A Level Physics
Head of Department: Mr J. Hallam
Examination Board: Edexcel
Specification Code: 9PH0
Course Entry Requirements: GCSE Physics A grade and GCSE Mathematics A grade
As Bill Bryson says, ‘Physics is really nothing more than a search for ultimate simplicity, but so far all we have is a kind of elegant messiness.’
Theory and skills from GCSE are developed and studied in far greater depth. Many Year 1 topics will be familiar, such as mechanics, electricity and waves, but the approach at A level will be much more mathematical and will really stretch students’ understanding of these areas. New topics include materials and quantum physics, in which the familiar world is tipped on its head. Year 2 topics are largely new to students and include momentum, circular motion, electric and magnetic fields, nuclear and particle physics, thermodynamics, astrophysics, nuclear radiation and oscillations. Alongside the theory, students will develop mathematical and practical skills, which will be applied to the sixteen core practicals. As a result of the increase in demand from GCSE, students often struggle at first, until they step up a gear and learn to take more responsibility for their own learning.
Students must be competent in their use of mathematics, for example rearranging equations such as v2 = u2 + 2as to make s the subject. Combining equations is also important, so 4/3pr3rg represents the weight of a sphere, given r is its density. Rearranging equations into the form y = mx + c is also required as it allows us to find physical constants form the gradient or y-intercept of a line. If you are unsure about your mathematical ability, you must talk to your Physics and Mathematics teachers.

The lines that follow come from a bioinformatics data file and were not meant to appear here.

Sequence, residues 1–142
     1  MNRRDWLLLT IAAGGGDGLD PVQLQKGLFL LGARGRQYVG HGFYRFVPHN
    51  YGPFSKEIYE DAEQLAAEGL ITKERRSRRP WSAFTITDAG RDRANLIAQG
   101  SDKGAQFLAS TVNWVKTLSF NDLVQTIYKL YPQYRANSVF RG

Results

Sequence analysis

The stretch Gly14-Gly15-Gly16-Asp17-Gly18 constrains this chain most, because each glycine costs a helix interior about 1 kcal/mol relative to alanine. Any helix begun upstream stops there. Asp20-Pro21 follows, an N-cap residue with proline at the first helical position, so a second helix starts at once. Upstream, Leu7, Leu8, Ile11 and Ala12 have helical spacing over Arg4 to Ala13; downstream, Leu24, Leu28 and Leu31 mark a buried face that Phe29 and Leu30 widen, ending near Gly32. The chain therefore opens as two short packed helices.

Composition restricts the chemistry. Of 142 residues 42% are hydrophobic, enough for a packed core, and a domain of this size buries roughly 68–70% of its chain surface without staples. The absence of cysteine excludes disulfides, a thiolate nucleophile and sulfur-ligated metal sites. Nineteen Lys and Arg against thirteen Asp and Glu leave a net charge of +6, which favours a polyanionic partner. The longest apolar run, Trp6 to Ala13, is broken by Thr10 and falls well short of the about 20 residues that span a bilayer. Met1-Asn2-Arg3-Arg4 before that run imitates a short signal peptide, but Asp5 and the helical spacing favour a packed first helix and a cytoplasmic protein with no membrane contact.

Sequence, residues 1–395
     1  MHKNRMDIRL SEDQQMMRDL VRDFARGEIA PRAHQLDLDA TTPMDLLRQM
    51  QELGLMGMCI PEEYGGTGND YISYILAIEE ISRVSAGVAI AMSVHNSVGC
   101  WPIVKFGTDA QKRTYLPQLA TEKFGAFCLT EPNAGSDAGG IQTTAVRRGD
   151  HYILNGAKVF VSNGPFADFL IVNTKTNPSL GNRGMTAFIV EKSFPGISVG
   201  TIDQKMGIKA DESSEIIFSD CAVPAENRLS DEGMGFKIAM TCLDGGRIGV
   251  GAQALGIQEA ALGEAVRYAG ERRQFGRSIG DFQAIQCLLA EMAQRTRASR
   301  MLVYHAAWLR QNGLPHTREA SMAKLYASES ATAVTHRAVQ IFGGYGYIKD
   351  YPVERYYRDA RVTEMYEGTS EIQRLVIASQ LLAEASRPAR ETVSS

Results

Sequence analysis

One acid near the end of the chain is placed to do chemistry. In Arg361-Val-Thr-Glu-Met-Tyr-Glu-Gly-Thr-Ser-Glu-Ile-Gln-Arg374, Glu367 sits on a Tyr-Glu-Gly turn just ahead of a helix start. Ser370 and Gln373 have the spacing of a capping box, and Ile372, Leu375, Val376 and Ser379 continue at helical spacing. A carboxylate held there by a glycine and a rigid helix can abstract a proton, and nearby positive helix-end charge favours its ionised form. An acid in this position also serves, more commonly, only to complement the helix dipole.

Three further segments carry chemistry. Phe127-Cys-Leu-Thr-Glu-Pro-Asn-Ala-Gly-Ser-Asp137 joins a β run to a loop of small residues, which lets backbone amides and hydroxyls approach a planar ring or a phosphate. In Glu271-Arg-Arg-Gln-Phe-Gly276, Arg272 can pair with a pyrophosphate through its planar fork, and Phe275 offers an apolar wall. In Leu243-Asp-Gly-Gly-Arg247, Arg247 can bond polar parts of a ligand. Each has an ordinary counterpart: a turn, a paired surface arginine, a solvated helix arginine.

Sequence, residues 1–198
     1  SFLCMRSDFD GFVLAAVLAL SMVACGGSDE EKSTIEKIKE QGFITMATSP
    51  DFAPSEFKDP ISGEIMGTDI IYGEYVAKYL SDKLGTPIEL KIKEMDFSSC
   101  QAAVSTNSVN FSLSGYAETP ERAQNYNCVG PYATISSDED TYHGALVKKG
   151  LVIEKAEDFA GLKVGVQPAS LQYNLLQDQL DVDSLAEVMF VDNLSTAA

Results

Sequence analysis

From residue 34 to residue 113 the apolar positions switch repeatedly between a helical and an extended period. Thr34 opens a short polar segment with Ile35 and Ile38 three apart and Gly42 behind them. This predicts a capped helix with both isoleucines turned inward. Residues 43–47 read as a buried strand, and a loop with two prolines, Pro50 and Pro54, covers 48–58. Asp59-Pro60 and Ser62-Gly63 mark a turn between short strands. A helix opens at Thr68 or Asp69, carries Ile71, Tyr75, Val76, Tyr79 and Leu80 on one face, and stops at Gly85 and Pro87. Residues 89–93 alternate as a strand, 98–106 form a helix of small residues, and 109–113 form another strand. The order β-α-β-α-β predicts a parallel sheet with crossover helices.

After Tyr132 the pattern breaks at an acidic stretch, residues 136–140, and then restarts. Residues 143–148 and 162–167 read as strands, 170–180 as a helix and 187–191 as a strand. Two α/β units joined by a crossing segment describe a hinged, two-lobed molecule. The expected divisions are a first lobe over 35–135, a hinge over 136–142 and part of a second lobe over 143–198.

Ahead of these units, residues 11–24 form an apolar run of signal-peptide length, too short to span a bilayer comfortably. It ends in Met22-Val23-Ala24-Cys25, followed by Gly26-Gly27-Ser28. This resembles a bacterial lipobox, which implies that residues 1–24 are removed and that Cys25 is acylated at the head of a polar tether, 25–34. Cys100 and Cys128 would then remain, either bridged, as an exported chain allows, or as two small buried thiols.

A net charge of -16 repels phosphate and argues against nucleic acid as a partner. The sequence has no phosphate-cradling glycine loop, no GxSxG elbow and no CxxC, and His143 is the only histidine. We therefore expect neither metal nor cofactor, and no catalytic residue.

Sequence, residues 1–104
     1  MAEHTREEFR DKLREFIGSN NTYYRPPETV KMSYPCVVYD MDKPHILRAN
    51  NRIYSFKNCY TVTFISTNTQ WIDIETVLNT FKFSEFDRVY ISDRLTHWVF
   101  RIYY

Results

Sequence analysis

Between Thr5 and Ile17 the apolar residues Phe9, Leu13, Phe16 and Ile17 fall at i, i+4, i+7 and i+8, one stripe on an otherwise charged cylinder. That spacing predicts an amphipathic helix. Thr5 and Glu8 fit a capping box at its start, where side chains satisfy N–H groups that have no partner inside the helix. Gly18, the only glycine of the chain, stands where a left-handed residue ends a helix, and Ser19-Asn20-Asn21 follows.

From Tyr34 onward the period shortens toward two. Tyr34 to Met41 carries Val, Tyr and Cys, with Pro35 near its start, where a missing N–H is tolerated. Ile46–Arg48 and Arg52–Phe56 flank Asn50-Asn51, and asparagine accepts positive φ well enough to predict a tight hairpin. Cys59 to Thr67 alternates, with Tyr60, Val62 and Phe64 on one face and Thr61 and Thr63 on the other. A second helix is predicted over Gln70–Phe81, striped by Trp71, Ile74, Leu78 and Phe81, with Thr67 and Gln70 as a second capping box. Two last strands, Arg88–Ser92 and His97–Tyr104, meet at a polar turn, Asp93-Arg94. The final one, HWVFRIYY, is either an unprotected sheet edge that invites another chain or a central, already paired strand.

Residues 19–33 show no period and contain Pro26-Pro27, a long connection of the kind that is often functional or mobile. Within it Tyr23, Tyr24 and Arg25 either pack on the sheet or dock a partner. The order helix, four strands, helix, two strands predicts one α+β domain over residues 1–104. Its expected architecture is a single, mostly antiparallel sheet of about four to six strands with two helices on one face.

All students attend an inspiring day of lectures entitled Physics in Action, and our brightest students may attend extension sessions, where they will think deeply and laterally to solve problems, leading to the AS Physics Challenge competition in March of Year 1 or the British Physics Olympiad in November of Year 2.
Students will sit three written papers at the end of the A level course. Papers 1 and 2 will test specific theory from the two year course, whilst Paper 3 covers the entire specification with synoptic links and questions testing practical skills. Students should also gain a practical competency award based on their development of skills in the core practicals.
Who should study the subject?
Students should study Physics if they are interested in its applications and ways of thinking and particularly if they wish to study a related subject, such as Physics or Engineering, at university. Physicists are always in demand across a wide range of careers because of their logical skills and ability to interpret data.
Each class has two teachers out of Mr Hallam, Mr Newcome, Mr O’Donnell and Mrs Thornton.